Jul 11, 2017 Others

Frankenstein or Darwin

This paper concentrates on the primary theme of Frankenstein or Darwin in which you have to explain and evaluate its intricate aspects in detail. In addition to this, this paper has been reviewed and purchased by most of the students hence; it has been rated 4.8 points on the scale of 5 points. Besides, the price of this paper starts from £ 40. For more details and full access to the paper, please refer to the site.

Frankenstein or Darwin

INSTRUCTIONS:

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HUM 3306: History of Ideas--The Age of Enlightenment to the Age of Anxiety





ESSAY#2 INSTRUCTIONS



This is a Gordon Rule Writing course, and so the writing-aspect, regardless of what is being written upon, is taken quite seriously.



You must read and re-read (or at least re-read key passages of) the book you are writing on, seeing how different passages/scenes/ideas relate. You must write a draft and let it sit for a day or two, and then go back adding more pertinent, more nuanced reflections. You must approach essay writing not as if you are just letting the professor know that you`ve read the assignments and lecture notes and more or less understand them, but as if you are sculpting a work of art. (Yes: I know ... you are perhaps taking lots of classes; it`s difficult to linger on writing and revising. Still, I ask you to do this to the best of your ability within the semester calendar limitations.) 



If you had problems in the first essay in respect to the writing, you should try to make an extra effort to improve in Essay#2. The two essays are weighted equally in terms of your overall course grade (25% each), but improvement can impact the final assessment of your course grade, when that grade is hovering in the border b/w two grades.



● All the general instructions for ESSAY#1 apply, except that this essay should be about 1500 words long or longer (again quality, not quantity), and it incorporates research/secondary materials as requested in the options below. The topic options are listed below.



● Use whatever citation method that you have been taught in your Composition classes here at FIU or elsewhere or which you typically use in your own discipline/major. If you do not include a proper Bibliography page, your essay will not be read or it will be lowered a grade or more.



● Read the last two sentences again.



● Do not consult more secondary sources than provided in the options below or in the prefatory/supplemental scholarly materials in the editions ordered for the course (an introduction in a different edition is o.k.). If I find that additional secondary materials, other than below or in a book`s editorial introduction, have been used, the essay will likely receive an immediately "F". If you are found guilty of plagiarism, you will receive an "F" in the course. Please take note: I have a pretty clear sense of your writing style from your first essay and discussion forum entries, so it is very easy to detect plagiarism. And, also, the "Turnitin" site filters for plagiarism.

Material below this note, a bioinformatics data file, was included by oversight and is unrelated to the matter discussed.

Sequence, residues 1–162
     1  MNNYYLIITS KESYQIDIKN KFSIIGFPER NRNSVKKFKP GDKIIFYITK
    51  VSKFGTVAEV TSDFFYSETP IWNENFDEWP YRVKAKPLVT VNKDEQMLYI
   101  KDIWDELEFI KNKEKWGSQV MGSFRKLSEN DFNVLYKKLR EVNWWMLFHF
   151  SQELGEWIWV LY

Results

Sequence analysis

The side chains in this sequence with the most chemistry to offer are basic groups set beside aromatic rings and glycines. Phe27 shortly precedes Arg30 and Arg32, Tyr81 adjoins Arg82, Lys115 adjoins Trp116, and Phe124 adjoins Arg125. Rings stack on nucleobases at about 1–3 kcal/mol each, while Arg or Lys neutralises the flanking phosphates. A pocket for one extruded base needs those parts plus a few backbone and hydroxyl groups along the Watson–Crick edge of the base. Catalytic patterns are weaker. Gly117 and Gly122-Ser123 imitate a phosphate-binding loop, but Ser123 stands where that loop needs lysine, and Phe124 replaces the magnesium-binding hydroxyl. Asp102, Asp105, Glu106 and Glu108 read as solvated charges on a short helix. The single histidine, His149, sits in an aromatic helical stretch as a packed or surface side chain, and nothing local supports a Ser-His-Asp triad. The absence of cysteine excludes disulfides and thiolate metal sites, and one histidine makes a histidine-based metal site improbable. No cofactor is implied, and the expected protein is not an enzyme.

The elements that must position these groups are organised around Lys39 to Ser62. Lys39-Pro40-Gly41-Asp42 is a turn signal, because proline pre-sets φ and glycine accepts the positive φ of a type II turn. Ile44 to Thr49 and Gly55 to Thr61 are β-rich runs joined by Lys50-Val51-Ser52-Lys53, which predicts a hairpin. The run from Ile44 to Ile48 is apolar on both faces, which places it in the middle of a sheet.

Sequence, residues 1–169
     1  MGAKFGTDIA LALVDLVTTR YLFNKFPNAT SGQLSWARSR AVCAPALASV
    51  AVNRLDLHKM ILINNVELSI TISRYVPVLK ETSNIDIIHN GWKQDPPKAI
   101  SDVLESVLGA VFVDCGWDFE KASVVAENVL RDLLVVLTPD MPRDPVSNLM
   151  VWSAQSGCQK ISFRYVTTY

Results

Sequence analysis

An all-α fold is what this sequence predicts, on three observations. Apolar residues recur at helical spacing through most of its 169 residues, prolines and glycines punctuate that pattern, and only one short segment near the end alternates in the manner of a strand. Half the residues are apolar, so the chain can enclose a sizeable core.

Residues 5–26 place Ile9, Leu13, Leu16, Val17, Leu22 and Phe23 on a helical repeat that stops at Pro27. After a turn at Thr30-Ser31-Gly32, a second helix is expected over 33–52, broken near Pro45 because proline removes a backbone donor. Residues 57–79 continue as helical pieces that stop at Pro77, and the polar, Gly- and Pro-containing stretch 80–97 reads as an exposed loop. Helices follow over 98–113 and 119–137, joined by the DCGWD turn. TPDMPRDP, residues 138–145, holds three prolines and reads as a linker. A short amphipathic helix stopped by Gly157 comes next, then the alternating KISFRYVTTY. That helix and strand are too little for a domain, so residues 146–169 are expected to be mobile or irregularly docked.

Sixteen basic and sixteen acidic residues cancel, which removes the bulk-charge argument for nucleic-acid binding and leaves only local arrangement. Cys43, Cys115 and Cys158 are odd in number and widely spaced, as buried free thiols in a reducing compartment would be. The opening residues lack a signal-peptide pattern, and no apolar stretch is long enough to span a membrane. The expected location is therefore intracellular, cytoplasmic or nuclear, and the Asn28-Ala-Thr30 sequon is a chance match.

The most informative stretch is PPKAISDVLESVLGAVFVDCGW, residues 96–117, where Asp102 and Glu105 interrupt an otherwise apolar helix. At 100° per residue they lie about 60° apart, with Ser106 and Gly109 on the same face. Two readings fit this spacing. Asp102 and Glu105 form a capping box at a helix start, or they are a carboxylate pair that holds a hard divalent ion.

● Read the last paragraph again. It`s a sad state of educational affairs when I have to write the previous warning ... I do not want to distrust students, but every semester ... well, let`s put it this way: I have a separate drawer in my office desk dedicated to student misconduct cases or potential-to-be-discovered-misconduct cases.



● For secondary, research materials: each option below comes with links to online professional/scholarly journals or articles or to the ProjectMuse journal database accessed through the FIU library system. Students sometimes have difficulty figuring out how to get to the links. Follow the directions closely, and you`ll figure it out.



● Incorporate the supplied (linked) secondary materials by paraphrasing their arguments or part of their arguments, or by quoting a section of their arguments/key points. Do this in the main body of your essay (not the introduction or conclusion). Your goal is not to show that you`ve read the secondary materials per se, but that, having read the materials, your own argument/points have become more sophisticated and developed, because you have consulted authoritative wisdom about the topic you are working on. It is, of course, possible to dispute such �authoritative wisdom.�